Many people often ask me; “It is a real cava trend right now isn’t’ it? I just see cava every where.”. I have to totally agree with them. I have these last years seen a steady trend here in Sweden and also experienced the same on social media. The interest for cava is growing, but I also think that with my own focus I tend to notice cava more since I’m already interested, and so does the people who ask me this question. But there are facts that support that there is actually a cava trend. Just look at all the restaurants that have started to serve cava by the glass and even advertise it outside. There are also specialized cava bars or “cava inspired bars”, that are popping up all over Europe. Even on the island Gotland outside Sweden’s east cost in a very small village called Ljugarn, you can find a very good one. So yes, cava is absolutely growing when it comes to popularity and trendiness. But this development has been going on for quite some time.
In 2000 a total of 196,7 million bottles of Cava were produced, of which 50 percent were consumed within Spain. In 2013 there were 241,4 million bottles produced. Not only has the production grown with almost 23 percent during this period, the consumption has also shifted. Now 66 percent is exported and enjoyed by us living outside Spain.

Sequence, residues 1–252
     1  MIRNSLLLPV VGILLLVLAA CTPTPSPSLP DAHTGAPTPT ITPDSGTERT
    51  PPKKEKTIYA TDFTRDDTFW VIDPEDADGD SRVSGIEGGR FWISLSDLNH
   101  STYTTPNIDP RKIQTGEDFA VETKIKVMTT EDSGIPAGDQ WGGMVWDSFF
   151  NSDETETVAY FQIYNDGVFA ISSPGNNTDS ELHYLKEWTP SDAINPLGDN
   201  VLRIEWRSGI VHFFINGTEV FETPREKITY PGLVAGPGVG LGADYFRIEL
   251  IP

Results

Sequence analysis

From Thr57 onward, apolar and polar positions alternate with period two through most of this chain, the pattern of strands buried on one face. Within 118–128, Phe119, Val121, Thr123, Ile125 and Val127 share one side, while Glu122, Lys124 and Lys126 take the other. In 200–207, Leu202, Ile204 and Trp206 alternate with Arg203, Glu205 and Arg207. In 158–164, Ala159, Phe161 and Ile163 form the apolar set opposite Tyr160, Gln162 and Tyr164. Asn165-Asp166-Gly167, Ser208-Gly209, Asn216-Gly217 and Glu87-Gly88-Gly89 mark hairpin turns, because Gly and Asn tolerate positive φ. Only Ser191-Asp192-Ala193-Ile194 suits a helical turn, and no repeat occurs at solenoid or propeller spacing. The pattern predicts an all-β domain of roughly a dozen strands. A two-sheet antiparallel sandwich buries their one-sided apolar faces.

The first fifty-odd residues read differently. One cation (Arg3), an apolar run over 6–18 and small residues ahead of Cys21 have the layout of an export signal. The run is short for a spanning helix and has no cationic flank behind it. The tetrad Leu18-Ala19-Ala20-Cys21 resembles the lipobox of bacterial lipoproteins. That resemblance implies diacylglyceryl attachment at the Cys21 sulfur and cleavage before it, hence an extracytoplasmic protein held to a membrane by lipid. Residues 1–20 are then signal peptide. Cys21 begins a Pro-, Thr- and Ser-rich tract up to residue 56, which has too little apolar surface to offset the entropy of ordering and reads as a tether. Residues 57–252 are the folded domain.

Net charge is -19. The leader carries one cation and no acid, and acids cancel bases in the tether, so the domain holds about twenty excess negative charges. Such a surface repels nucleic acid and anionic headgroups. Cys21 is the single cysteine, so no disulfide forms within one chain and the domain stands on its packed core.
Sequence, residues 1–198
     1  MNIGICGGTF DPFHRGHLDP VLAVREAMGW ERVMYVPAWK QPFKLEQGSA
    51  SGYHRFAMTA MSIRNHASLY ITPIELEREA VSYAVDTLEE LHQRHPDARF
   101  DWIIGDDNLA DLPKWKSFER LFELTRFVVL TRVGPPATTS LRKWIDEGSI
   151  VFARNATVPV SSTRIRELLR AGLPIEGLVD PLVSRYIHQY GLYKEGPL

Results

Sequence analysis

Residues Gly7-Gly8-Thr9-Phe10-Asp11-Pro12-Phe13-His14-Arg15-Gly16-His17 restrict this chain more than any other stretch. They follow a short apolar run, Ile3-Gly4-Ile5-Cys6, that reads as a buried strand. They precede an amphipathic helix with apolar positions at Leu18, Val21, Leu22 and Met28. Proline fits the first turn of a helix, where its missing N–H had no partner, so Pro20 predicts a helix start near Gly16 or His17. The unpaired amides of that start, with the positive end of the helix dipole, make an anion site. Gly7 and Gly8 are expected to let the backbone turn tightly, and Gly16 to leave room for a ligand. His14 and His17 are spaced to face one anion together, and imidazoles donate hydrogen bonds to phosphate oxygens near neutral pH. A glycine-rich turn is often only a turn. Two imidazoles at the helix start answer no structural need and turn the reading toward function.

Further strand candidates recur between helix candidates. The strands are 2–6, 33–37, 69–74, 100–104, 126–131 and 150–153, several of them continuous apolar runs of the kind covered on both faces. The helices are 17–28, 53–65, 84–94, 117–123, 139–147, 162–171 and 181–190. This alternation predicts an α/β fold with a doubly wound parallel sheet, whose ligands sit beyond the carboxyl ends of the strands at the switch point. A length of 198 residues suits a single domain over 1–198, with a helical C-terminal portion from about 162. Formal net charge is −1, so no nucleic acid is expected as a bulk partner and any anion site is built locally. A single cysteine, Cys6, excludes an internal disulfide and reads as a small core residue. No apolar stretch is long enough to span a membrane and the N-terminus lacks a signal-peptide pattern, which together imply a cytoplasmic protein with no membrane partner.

The biggest cava lovers, if we look at volume sold, are found in Germany, followed by the UK, Belgium and the US. Sweden holds place number ten, which I must say is quite good with barley 10 million people. Divided on the population Swedes drink about 0,3 bottles of cava annually, while the Germans who are the biggest importers drink half a bottle of cava per person a year. So maybe the love is not that much bigger in Germany than in Sweden… they are just more people.
Looking at statistics from Consejo Regulador del cava, one interesting thing is to see what type of cava we drink. Almost nine out of ten bottles of cava sold (and I presume consumed), fall in to the category of young cava, that is aged for a minimum of nine months. Only ten percent is aged for more than fifteen months and the production of Gran Reserva (aged minimum 30 months) is only two percent. So it is not strange that most people have an image of cava as young, uncomplicated and rather cheep.
On top of this the statistics show that importing countries don’t really like the really dry cavas, since almost half the bottles we buy are Brut, and 49% is Seco or Semi-Seco!
One might conclude that when it comes to cava outside Spain, what most people drink is approximately half a bottle of very young semi sweet cava a year… and on top of everything they then compare it with champagne! I rest my case.
Do me (and your self) a favour, and go and buy a Gran Reserva Brut Nature in your closest store so we can get a change in the statistics.